I thought the days of a new and interesting alien movie being released were long past.  Shit, I’m not sure if I’d even enjoyed an alien movie since all the way back to The Fresh Prince one-two punch of “Independence Day” and “Men in Black” and even those two weren’t that good.  But damn if Canado-African director Neill Blomkamp doesn’t make one helluva film in “District 9.”  The first act of the movie is one part Ricky Gervais’s “The Office” and one part “Blair Witch” in its mockumentary/cinema verite format.  It has the amazing ability to go from hysterical to revolting back to hysterically funny in a matter of seconds.  And, Blomkamp even has the ability to make you care for some of these disgusting prawn-like aliens in a way we haven’t cared for an alien since that crossdressing alien buddy of little Drew Barrymore’s.  Amazing effects throughout and a real nice message about, uh, not hating black people?  (If only the Springboks from “Invictus” had gotten to play the “District 9″ aliens in rugby while Mandela cheered them on.)  Unfortunately, the great themes and intrigue of the movie fall apart in the third act which just becomes a standard shoot-’em-up, but nevertheless, the other 75% of the movie is so damn good I have to give “District 9″ high praise.


People keep comparing this movie to “This is Spinal Tap,” but for me it more evoked memories of “American Movie.”  I understand the comparisons to “Tap.”  For the first thirty minutes of the movie I really could not figure out if this was a documentary or mockumentary.  What with icons like Slash and Lars Ulrich hailing the greatness and genius of Anvil, I found myself thinking, “I was alive in the 80s and I sure as fuck do not remember this band!”  Sure enough, though, Anvil was, apparently, one of the big metal bands of the early 1980s.  This hilarious and pathotic story tells of their huge fall from the top and their countless derailed attempts to get back to the hair mountain through incredible perseverance, tenacity, and, perhaps a delusional belief in themselves.  Anvil lead singer Steve “Lips” Kudlow is one of the great screen philosophers of all-time, a balding mulleted Canadian Marcus Aurelius–I will never forget him.  I would have never guessed that a documentary about guys that play songs with such titles as “666,” “Hair Pie,” and “Thumb Hang” would provide for me some of the greatest life lessons I would see on screen in 2009.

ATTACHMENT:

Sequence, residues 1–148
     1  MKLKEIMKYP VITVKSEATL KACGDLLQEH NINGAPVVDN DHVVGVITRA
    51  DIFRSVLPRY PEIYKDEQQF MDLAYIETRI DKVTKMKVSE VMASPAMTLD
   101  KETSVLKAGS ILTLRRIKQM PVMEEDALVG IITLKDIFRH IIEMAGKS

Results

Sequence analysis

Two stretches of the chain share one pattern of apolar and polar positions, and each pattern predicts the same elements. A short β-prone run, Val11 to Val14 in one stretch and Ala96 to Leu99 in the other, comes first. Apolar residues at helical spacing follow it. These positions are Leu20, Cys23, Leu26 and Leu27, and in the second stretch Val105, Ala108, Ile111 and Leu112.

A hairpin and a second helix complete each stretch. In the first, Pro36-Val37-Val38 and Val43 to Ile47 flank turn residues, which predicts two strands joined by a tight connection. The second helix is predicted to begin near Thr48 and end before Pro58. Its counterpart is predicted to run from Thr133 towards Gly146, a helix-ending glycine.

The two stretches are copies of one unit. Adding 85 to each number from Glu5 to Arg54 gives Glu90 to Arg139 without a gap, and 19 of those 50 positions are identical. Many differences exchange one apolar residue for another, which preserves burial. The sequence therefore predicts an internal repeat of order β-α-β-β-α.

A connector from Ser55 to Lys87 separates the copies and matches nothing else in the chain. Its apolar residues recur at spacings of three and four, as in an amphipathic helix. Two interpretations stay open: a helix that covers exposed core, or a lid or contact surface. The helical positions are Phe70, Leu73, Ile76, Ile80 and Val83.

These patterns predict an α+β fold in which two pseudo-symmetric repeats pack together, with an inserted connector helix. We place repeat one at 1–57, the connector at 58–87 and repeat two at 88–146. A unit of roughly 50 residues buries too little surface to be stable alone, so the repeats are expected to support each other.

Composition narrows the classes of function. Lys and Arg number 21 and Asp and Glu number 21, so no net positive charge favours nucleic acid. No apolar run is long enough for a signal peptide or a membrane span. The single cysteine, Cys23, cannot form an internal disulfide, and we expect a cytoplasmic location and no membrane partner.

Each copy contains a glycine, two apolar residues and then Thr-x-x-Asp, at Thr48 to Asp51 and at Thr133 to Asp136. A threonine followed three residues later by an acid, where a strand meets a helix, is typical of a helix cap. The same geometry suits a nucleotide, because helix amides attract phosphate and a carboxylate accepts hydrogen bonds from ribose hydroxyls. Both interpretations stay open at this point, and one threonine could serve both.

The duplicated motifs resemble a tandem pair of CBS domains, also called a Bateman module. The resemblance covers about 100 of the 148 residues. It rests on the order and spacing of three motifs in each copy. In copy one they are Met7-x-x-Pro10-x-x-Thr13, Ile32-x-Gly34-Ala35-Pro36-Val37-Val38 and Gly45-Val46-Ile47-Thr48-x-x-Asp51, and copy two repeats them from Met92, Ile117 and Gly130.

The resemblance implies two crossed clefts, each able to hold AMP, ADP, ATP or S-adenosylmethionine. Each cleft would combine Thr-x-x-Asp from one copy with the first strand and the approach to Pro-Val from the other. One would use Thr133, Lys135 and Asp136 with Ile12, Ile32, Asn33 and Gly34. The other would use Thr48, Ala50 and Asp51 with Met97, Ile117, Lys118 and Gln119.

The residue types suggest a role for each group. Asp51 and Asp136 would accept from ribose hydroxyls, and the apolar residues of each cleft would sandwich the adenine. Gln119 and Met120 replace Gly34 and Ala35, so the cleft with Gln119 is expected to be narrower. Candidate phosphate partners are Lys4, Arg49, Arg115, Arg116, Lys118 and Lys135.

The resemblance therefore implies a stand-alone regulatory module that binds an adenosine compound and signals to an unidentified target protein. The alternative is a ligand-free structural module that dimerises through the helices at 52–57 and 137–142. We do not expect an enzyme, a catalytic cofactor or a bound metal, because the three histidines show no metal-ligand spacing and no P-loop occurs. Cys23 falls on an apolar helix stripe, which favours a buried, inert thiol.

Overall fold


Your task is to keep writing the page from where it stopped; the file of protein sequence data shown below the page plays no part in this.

Wes Anderson was neck-and-neck with Paul Thomas Anderson and Tarantino in the best filmmaker alive standings at the start of this decade but unlike those other two, Wes seemed to lack an ability to mature in his work (I know what you’re saying:  “Tarantino has matured in his work?!?!”).  After the apex of his young career with “The Royal Tenenbaums,” Wes unfortunately lost a bit of his touch and continued to make visually ornate pictures completely devoid of human relatability that “Rushmore” and “Tenenbaums” had. Sure, “Life Aquatic” and “The Darjeeling Limited” looked swell, but they just fell flat in emotional resonance.  Was this due to his swapping of writing partner Owen Wilson with Noah Baumbach?  I’m not sure, but that was the one constant that changed.  I’d written him off for good but he got back on track strongly with “Mr. Fox.”  It’s no surprise that it looks marvelous–it will give “Up” a run for its money in the Best Animated Picture category at the Oscars–but this is also his first film since “Tenenbaums” with characters you actually like and relate too.  And they’re fucking stop-motion anthropomorphized furry creatures!  Clooney is terrific voicing the titular Mr. Fox, perhaps even better than his “Up in the Air” performance, and this quick taut movie flies by from the great opening scene (set to the music of my favorite Beach Boys’ obscurity “Heroes & Villains”) all the way to the end.  Hopefully Wes Anderson has triumphantly returned, or maybe his whimsy and childlike wonderment just lends itself better to stop-motion anthropomorphized shit.  Whatever the case, glad to have him back.

10.  FUNNY PEOPLE (first half)